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Paul
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I bought a craftsman puematic quarter inch crown stapler for about $90 15 years ago. I wanted to get a diecast but it was over $300 and I just couldn't afford it at the time. The craftsman went for almost 15 years and put down alot of underlayment. My friend with the duofast always seemed to have it being repaired. When the craftsman finally bit the dust I replaced it with another craftsman. I had really bad luck with a dewalt hammer drill. It got replaced by as craftsman and haven't had any problems.
Funny you mention that about the Duo Fast gun. I have an almost identical story. Installer buddy of mine bought the $300 gun several years ago and ribbed me about my $50 Hitachi pawn shop score. Not only does my Hitachi never jam, never leaves a proud staple (unless you dead center hit a screw), but it will run as fast as you want to run it and have air to supply it. His Duo Fast has been in the shop several times and is a slow, heavy, p.o.s. - I can literary fasten off two sheets to one side by side.
 
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Flooring Installer
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I bought a used Roberts power stretcher from a pawn shop 30 years ago. Shortly after, Crain had a special on a stretcher with both heads. The Crain lasted less than 6 months. I still use the Roberts. I have had to fabricate a couple parts for it, but it still works great.
 

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With all due respect, Roberts stretchers are crap. The Crain 500 is vastly superior.

As to staplers, I just had my 20 year old Senco SKS quit on me in the middle of a job. I paid 250 dollars for it way back then. Ran to Lowes and bought the new POS Senco stapler for 89 friggen dollars. It's a piece of crap, but it cost less than 4 boxes of staples.

Watcha gone do?
 

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spazman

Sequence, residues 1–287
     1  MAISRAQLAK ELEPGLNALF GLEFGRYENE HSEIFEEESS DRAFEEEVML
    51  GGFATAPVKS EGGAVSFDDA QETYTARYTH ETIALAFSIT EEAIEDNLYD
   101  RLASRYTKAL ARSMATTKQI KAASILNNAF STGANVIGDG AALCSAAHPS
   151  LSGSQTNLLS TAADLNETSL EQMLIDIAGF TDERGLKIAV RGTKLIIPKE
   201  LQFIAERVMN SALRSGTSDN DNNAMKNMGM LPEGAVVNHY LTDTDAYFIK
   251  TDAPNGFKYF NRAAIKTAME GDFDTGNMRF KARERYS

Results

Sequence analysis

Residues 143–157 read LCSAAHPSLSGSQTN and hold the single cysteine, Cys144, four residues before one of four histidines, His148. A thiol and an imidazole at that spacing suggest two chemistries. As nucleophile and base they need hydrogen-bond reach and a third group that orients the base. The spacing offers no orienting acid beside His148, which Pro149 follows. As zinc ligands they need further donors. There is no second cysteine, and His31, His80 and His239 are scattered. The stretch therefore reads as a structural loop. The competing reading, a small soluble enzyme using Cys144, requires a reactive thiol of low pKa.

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The dewalt hammer drill I mentioned in the above post kind of soured me on dewalt tools. For what I spent getting it fixed several times I could have bought 2 of the craftsman I have now. The last time it quit I went to sears and bought my craftsman. For all I know the dewalt may have just had a loose wire or some other simple thing wrong but my patience ran out. It got sold at a garage sale for $5. Good bye and good riddance.
 

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Flooring Installer
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With all due respect, Roberts stretchers are crap. The Crain 500 is vastly superior.

As to staplers, I just had my 20 year old Senco SKS quit on me in the middle of a job. I paid 250 dollars for it way back then. Ran to Lowes and bought the new POS Senco stapler for 89 friggen dollars. It's a piece of crap, but it cost less than 4 boxes of staples.

Watcha gone do?
The Crain I bought new was the one with the square tube. It was junk from day one. They wouldn't fix it or replace it. The rep even admitted that they were bad but said that Crain would do nothing. Even when new, they told me to remove the lock to make it work. That helped for a short time.
 

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If you thought Roberts had good tools and now they don't, or junk and now worse, QEP bought them.
Just like a Japanese company is buying Jim Beam, you can't lower quality on some products without losing customers.
I look for quality tools wherever I can find them, yard sales can score some American made tools from guys having workshops.
And I buy some saying come on baby make it through, always have a backup plan!
 

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I agree. Roberts tools declined in quality after QEP bought them. Most of my tools predate QEP.